Early in their American period, after an afternoon with an unexpectedly scatty Benjamin Franklin, Messrs Mason and Dixon head on Mason’s suggestion to a tavern by the name of the Fair Anchor. It’s a bit of a dive, just how Mason likes it:
And withal, when they show up at The Fair Anchor that Night, it turns out to be Mason’s sort of place nicely,— basic and bleak, discouraging ev’ry attempt, even grunting, that might suggest Conviviality, the wood Furniture carv’d upon, splinter’d and scarr’d, the Stale-Ale as under-hopp’d, as ’tis over-water’d.Mason & Dixon, p. 272.
Stale-Ale? The 18th century beer landscape was very different to the one we occupy now (and I don’t just mean their IPAs were clear). Legendary beer history blog Shut Up About Barclay Perkins has helped me make some sense of beer lingo as Jeremiah Dixon would have known it. At the time, much beer was aged in wooden vats and barrels to create “stale ale” (also referred to as old ale, stock ale, or keeping ale): usually strong, often reasonably dry and/or tart. This stale ale was generally served blended with unaged “mild’ ale or beer (ale and beer being distinguished at that point by their vastly different levels of hops). Discussing the history of porter and the blending of stale and mild ales, the Barclay Perkins blog cites a letter published in 1760 by a brewer writing under the rather Pynchonian pen name Obadiah Poundage. Poundage writes that in the first half of the 18th century, some drinkers “drank mild beer and stale mixed, others ale, mild beer and stale blended together at threepence per quart, but many used all stale a fourpence per pot.” The stale ale at the Fair Anchor we can surmise was watered (and over-water’d) with fresh mild beer.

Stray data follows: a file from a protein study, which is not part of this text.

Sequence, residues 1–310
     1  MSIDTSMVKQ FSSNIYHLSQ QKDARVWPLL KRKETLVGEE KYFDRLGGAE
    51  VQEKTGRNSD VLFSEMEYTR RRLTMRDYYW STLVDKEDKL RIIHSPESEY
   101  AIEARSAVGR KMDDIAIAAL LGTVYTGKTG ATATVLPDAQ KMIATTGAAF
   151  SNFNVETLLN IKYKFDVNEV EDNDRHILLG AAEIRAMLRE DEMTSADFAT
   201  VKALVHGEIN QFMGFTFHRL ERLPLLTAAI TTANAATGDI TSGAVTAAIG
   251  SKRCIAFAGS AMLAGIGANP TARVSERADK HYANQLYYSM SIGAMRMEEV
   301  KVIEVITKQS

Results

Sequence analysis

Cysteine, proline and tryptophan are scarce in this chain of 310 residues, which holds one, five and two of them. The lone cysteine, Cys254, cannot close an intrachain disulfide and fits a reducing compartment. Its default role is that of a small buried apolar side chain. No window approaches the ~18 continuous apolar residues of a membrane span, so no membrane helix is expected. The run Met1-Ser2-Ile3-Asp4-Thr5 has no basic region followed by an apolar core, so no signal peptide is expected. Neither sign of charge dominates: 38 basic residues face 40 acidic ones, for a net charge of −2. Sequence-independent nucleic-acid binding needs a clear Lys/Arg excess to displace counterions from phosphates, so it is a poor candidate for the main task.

Lacking a time machine, I have turned for my dose of stale ale to the mad apothecarists of 3 Ravens here in Melbourne—brewers at once reaching boldly into lost tradition and bounding imaginative frontiers into future beer. Back in 2018, they released a beer they described as a “Solera Stock Ale.” It’s a blend of various vintages of barleywine aged in French-oak wine barrels, bottled still, and intended to be drunk like a sherry or port. The oldest stock in the blend was brewed in 2011. It apparently showcases “complex oxidative characteristics reminiscent of sake or fortified wine” (which sounds like rather too much fuss for Mason’s liking). In a link to our first ever M&D drink here, the bottle even describes it as “madeirised.” Plus I’ve had it in my shed for a couple of years. Stale enough for you?
It’s mighty interesting stuff—strong, rich, and unlike any other beer I’ve had. Tastes like prunes and dates, treacle and red apple, sherry and oak and a bit of boozy spice, sweet but also strangely savoury. I enjoy it, but if they were getting anything like this, Poundage’s drinkers paying fourpence a pot for the undiluted stale ale must have been possessed of hearty constitutions.
At the Fair Anchor though, Mason and Dixon are getting their stale ale watered with mild. I think I’ll take it that way too. For my mild ale, I’m using a nice hoppy fresh homebrewed pale ale and blending the two maybe 40/60 stale/mild. It’s yum! The citrusy hops in my pale ale blend together with the stock ale to create a rich, round, marmaladey potion with great depth and satisfying balance. I could no longer accurately describe the stuff as underhopp’d—in fact, it’s good enough even perhaps to encourage grunting (sorry Mason).